Sodium fluoroacetate is the salt of a naturally occurring toxin which is found in Australia, Brazil, and Africa. Naturally occurring fluoroacetate can be found in Gastrolobium minus (family: Fabaceae), a flowering plant in Western Australia and often referred to as the 'poison pea.' It was noticed that indigenous animals can eat these plants, whereas livestock and other predators could not. Sodium fluoroacetate was then developed as a rodenticide and predacide in 1942 and went under the synonym of 1080, which is its catalog number. To restrict the spread of the chemical in the ecosystem, a 'toxic collar' was developed. This collar could be placed around the throats of livestock and would contain chemical pouches that would be ruptured when the animal was attacked by a predator thus restricting the poison only to the predator. In the late 1970s, the use of sodium fluoroacetate was significantly restricted due to its high acute toxicity and the need for specialized training for application. Additional restrictions were also imposed as to the locations that the agent could be used and under very defined conditions. In the late 1980s, all use of sodium fluoroacetate as a rodenticide was discontinued. The availability of products containing sodium fluoroacetate is permitted by the Environmental Protection Agency (EPA) and the regulatory conclusion of the EPA is that these products will not pose unreasonable risks or adverse effects if the products are used following the restriction on the product labeling.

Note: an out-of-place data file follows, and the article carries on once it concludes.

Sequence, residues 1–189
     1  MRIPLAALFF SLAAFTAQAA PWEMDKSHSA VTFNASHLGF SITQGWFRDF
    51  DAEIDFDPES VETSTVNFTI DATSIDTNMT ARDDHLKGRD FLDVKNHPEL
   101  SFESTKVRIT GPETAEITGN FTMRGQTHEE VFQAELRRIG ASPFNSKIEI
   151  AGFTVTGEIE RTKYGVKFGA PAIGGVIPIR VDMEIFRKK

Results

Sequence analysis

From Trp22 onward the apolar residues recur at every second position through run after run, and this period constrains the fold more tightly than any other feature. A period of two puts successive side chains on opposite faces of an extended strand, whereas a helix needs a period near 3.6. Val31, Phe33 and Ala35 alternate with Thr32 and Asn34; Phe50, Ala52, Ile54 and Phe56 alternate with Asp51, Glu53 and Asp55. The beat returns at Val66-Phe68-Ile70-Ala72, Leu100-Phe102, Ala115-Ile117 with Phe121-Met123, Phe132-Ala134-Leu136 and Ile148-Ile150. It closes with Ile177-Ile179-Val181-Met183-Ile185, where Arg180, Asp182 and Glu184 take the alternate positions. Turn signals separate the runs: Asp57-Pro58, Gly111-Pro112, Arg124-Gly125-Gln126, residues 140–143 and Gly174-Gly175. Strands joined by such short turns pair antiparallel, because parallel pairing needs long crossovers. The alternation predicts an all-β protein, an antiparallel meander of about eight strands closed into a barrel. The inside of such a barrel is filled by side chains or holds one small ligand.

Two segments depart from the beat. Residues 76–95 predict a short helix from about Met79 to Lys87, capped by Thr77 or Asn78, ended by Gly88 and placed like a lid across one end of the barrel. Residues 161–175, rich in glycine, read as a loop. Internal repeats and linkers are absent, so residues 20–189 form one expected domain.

|Title of host publication||Encyclopedia of Toxicology|
|Subtitle of host publication||Third Edition|
|Number of pages||3|
|State||Published - 1 Jan 2014|